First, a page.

Momentum Recycling | Keep SLC Green

1/3/2013 | Amy Tibbals
Corigan Kushma

Our love for SLC demands that we make a COLLECTIVE effort to do our part in making it as clean and “green” as possible. In the spirit of making things easy on us [all], the stellar crew at Momentum Recycling is bringing unprecedented curb-side glass recycling to our city. Someone is taking bold steps that will enable us all to recycle empty wine bottles, salsa jars, and then some. Hollar.

I got to take an awe-inspiring tour of the Momentum facility with President/CEO, John Lair. He walked me through each step in the glass-recycling process, and blew my mind with fancy machinery and recycling facts. These folks are doing absolutely everything they can to be local, sustainable, and useful to our community, and we love it. Glass isn’t just being recycled’s also being put directly back into local products such as fiberglass, containers, and water filtration. In fact, everything that the facility produces [the bottles, paper, bottle caps, even the dust] is being put to re-use as raw material in new manufacturing. The goal? a ‘zero waste’ facility that brings recycling to the next level. Momentum has also teamed up with the Odyssey House of Utah, providing employment to individuals looking for a second chance at life. Come on. Talk about good karma. It's all ‘environment first, business second’ 'tude over here, and it's moving Salt Lake toward a cleaner, brighter future. It's a big deal. Keep reading...

What is Momentum Recycling? Momentum Recycling is best summed up as a Zero Waste Company. Our mission is helping our community to reduce landfill waste. In pursuit of that goal, we have chosen to do a range of things: 1) help businesses recycle as much as possible, and help them change consumption patterns to result in lower landfill volumes. 2) Help our overall community to recycle things that have been hard to recycle around here; we’ve chosen to start with glass. In the future, we may work on how to keep other hard to recycle items out of the landfill.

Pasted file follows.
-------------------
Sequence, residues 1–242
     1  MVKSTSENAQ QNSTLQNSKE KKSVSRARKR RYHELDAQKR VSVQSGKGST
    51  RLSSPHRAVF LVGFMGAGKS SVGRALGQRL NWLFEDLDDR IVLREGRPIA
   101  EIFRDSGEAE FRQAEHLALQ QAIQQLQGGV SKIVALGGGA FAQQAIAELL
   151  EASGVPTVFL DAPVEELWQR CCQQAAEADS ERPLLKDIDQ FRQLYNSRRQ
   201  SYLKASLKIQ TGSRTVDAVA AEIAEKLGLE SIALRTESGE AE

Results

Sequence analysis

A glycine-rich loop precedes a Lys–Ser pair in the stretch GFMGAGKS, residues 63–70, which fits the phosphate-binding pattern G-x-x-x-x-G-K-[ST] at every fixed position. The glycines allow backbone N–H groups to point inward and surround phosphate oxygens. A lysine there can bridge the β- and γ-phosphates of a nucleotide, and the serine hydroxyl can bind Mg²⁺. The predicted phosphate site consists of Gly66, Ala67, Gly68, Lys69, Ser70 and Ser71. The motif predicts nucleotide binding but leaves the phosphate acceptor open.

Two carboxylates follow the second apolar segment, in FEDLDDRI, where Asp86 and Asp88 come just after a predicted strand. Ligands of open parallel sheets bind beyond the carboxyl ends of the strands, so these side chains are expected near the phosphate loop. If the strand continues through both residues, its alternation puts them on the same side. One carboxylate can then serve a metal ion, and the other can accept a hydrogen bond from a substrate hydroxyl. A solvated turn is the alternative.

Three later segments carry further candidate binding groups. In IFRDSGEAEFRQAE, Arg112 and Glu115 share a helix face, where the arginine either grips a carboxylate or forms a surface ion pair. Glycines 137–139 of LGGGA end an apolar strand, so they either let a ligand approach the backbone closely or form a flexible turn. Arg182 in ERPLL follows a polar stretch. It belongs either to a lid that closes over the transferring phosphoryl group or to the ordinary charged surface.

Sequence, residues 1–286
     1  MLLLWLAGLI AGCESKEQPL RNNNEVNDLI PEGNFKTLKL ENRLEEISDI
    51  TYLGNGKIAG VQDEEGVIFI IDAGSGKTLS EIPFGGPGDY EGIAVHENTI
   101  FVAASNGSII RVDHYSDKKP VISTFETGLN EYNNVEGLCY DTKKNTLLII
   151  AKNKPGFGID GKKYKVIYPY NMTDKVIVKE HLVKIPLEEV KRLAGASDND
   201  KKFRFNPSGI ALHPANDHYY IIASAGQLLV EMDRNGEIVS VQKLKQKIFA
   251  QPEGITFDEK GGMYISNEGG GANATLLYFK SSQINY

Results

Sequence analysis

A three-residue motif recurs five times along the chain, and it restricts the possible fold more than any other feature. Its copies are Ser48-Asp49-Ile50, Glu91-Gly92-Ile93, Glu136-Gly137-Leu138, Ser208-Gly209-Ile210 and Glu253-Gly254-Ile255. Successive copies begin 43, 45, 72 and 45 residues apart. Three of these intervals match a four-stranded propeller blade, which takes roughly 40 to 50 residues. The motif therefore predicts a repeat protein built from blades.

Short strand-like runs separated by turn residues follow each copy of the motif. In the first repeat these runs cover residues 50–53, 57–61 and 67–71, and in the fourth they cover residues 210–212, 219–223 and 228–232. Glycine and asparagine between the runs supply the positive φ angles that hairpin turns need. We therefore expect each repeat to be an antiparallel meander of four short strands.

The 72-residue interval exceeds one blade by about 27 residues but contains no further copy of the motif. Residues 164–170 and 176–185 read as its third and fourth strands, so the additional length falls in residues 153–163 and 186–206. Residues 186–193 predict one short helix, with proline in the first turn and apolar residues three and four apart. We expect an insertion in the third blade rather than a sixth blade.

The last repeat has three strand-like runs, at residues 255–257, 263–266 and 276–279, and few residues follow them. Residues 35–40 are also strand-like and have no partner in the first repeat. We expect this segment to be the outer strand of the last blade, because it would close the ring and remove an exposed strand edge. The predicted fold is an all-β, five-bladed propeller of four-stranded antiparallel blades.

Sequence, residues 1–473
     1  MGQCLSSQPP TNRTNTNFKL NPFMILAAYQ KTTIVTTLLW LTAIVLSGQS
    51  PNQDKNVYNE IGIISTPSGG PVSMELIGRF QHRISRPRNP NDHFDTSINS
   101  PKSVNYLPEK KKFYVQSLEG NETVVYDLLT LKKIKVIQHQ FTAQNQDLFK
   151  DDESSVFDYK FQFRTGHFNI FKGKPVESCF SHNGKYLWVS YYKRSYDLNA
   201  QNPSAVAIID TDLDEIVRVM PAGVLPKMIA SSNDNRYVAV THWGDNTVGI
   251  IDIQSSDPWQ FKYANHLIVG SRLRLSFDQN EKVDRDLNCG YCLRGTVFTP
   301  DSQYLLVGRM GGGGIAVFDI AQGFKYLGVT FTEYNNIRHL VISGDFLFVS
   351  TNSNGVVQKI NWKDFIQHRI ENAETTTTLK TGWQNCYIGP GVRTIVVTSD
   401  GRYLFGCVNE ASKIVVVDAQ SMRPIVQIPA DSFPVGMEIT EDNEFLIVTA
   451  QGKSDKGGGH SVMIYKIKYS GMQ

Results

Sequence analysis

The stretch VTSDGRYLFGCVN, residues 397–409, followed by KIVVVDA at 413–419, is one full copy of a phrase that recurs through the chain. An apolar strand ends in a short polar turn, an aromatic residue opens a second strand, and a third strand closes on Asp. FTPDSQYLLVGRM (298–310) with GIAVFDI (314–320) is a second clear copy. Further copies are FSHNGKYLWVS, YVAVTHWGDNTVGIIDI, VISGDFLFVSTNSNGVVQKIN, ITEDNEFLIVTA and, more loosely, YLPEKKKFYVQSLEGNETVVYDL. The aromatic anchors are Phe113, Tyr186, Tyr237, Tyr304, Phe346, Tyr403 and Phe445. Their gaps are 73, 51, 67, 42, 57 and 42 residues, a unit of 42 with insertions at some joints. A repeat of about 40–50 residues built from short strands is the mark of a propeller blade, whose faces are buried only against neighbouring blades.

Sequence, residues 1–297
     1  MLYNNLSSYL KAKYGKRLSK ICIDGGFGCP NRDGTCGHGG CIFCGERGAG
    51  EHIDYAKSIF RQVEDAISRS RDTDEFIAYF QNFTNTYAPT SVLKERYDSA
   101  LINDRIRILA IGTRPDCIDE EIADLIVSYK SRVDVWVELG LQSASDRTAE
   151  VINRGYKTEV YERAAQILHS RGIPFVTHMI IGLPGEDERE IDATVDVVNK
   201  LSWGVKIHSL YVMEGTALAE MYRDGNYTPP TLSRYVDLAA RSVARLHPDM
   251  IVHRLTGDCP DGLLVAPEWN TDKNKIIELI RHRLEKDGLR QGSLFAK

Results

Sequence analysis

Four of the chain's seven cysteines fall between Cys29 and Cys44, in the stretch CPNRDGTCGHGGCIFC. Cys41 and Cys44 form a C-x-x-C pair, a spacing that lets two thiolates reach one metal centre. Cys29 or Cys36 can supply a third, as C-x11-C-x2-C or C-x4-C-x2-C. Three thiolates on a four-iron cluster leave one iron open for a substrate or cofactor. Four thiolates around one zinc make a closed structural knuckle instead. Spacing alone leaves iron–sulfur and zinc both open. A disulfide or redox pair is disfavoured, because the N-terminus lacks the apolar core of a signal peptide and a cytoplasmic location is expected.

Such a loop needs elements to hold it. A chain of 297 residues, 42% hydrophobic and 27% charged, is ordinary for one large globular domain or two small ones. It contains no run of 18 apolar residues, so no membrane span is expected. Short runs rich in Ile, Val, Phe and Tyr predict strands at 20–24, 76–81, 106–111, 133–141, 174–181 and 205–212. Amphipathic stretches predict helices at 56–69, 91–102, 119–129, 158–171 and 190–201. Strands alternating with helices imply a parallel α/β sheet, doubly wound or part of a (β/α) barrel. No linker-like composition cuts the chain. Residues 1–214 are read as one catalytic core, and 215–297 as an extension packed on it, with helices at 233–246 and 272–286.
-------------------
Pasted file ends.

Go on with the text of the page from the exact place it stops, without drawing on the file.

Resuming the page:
How and when did Momentum get its start? Momentum started in March 2008, when we saw how hard it was for businesses to get help and advice on how to be more sustainable & environmentally responsible. The landscape has changed a lot in those few short years, but back then, there were few service providers to turn to for such help. Now there are a wider range of providers that can help businesses reduce landfill waste, and we hope we have been a part of that change.

Your slogan is 'Moving Communities Toward Zero Waste'.  Is that attainable? At this point, zero waste is probably not attainable, but that doesn’t mean we shouldn’t try. Certainly, there is a lot of room for improvement in how we as a community manage our waste stream. We’re focusing on helping businesses at least start with the simple, easy to do things. The low hanging fruit, so to speak. Then alongside that, we’re also figuring out how to make the harder stuff easier, like we’ve been doing with glass.

What do you think is the best thing about Momentum Recycling? The amazing people who choose to work here. We have a very passionate, well-trained and educated staff who are all committed to reducing landfill waste in a friendly, cooperative manner; they know that we’re not here to judge or sound preachy, we’re here to educate businesses and residents on how to reduce their waste, and to provide such services where needed. And all of our staff gets that, and works hard at it every day.

What have been some of the challenges with glass recycling in Salt Lake in the past? The big ones have been requiring residents to sort by color, only having a few drop-off locations available along the Wasatch Front, and not having enough local uses for the recycled glass.

How much recycling is actually happening in our community now? And where would like to see it in the next 5-10 years? National average recycling rates are 34.1% for all waste (EPA, 2010), with glass recycling rates being 33.4% nationally (also EPA, 2010).

In Utah, our overall recycling rate is in the mid to high 20’s (%), with a glass recycling rate around 4-5%. In the next 5 years, Momentum would like to see the recycling rates in our community, the Wasatch Front, get more in line with these national averages. In the next 10 years, we would like to see closer to 50% of our waste stream being diverted away from landfills and into recycling facilities, composting facilities, and other environmentally-positive outlets.